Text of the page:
A reader recently asked:

T, from my mechanical engineering world we have strict rules on sampling rates vs. signal frequency rates. Ie you cannot reliably measure a 60hz ac sine wave with a 5hz analog sampling device. The result ends up being strange results that don’t show spikes well and also might not show averages well either. Can you help me understand how 120 year sampling proxies can resolve relatively high frequency temperature spikes?

This objection comes up so often from those who are accustomed to data which are evenly sampled in the time domain, and the misconception is so firmly imprinted on so many people, that it’s worth illustrating how uneven time sampling overcomes such limitations.

Let’s start with a signal consisting of a 60 Hz sine wave of amplitude 1. We’ll even add noise with standard deviation equal to 1. We’ll measure it at a sampling rate well below the signal frequency — but we won’t use even time sampling. Instead, I’ll let the time differences between samples equal 0.2 plus uniform random noise. Hence the *maximum possible* sampling rate will be 1/0.2 = 5 Hz, and in fact for my sample the maximum sample rate is 4.8 Hz and the mean sampling rate is a paltry 1.42 Hz. By conventional wisdom among engineers, this is nowhere near enough properly to characterize a signal at 60 Hz.

Here’s the data:

Here’s the discrete Fourier transform of the data:

The signal frequency (at 60 Hz) is plainly evident. Its signal power doesn’t significantly leak to other frequencies. There’s really no ambiguity about it, despite the fact that its frequency is *much* higher than the maximum sampling rate.

In fact a correct analysis reveals that the signal has frequency 60.00006 +/- 0.00075 Hz, amplitude 1.09 +/- 0.21.

This is not due to the use of a uniform distribution for the sampling time intervals. It’s a much more general property of uneven time sampling — just about any time sampling other than regular will reveal the signal as well.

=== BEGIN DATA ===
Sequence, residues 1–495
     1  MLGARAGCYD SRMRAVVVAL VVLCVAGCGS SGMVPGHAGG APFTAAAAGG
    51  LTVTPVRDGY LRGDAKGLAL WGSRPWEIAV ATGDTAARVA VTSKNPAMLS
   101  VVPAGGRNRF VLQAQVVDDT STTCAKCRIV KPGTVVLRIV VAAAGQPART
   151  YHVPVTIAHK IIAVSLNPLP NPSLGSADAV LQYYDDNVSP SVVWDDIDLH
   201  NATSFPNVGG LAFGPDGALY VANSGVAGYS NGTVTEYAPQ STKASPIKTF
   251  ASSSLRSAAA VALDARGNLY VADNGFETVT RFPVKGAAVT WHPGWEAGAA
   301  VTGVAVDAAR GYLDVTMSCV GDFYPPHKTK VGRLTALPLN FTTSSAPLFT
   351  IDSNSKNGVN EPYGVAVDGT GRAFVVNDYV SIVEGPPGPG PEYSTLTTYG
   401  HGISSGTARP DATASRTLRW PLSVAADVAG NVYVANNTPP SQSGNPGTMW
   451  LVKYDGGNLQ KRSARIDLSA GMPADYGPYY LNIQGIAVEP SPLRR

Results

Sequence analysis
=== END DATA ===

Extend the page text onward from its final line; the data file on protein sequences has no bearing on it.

Astronomy is plagued by sampling problems. We just don’t get to observe when we would like to. Most targets can’t be seen during the day, or when the sun or moon is too close, or when the weather doesn’t cooperate. And for professionals rather than amateurs, competition for telescope time at major observatories is fierce (which is a distinct advantage for amateur astronomers).

That’s why astronomers are used to irregular time sampling. It has some disadvantages, but it also has advantages such as the ability to search frequency space far far beyond the “Nyquist frequency” or, frankly, any frequency limit you care to define. In my opinion, in all but very specific circumstances the advantages of uneven time sampling outweight the disadvantages, by a lot. Uneven time sampling is sometimes thought to be a bane for data analysis, but it’s far more likely to be a boon.

OTOH, isn’t it true that if you had a very narrow spike, and none of it happened to get sampled by the particular set of uneven widely spaced sampling points, that the samples wouldn’t be able to reconstruct that spike?